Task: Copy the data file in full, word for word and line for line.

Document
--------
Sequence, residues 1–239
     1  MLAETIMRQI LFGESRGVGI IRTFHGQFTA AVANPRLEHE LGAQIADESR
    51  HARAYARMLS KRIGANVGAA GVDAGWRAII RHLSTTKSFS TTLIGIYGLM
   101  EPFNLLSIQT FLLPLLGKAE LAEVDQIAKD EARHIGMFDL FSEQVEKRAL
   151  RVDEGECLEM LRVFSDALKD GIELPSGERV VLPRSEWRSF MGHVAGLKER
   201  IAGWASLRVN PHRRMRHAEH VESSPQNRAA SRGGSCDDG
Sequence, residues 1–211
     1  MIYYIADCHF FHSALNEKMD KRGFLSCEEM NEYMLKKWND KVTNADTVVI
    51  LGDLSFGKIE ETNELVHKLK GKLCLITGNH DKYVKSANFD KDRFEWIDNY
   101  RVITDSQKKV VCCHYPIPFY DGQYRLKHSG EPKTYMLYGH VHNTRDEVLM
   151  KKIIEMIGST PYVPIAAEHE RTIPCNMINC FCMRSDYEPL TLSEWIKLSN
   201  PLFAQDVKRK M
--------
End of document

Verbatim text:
Sequence, residues 1–239
     1  MLAETIMRQI LFGESRGVGI IRTFHGQFTA AVANPRLEHE LGAQIADESR
    51  HARAYARMLS KRIGANVGAA GVDAGWRAII RHLSTTKSFS TTLIGIYGLM
   101  EPFNLLSIQT FLLPLLGKAE LAEVDQIAKD EARHIGMFDL FSEQVEKRAL
   151  RVDEGECLEM LRVFSDALKD GIELPSGERV VLPRSEWRSF MGHVAGLKER
   201  IAGWASLRVN PHRRMRHAEH VESSPQNRAA SRGGSCDDG
Sequence, residues 1–211
     1  MIYYIADCHF FHSALNEKMD KRGFLSCEEM NEYMLKKWND KVTNADTVVI
    51  LGDLSFGKIE ETNELVHKLK GKLCLITGNH DKYVKSANFD KDRFEWIDNY
   101  RVITDSQKKV VCCHYPIPFY DGQYRLKHSG EPKTYMLYGH VHNTRDEVLM
   151  KKIIEMIGST PYVPIAAEHE RTIPCNMINC FCMRSDYEPL TLSEWIKLSN
   201  PLFAQDVKRK M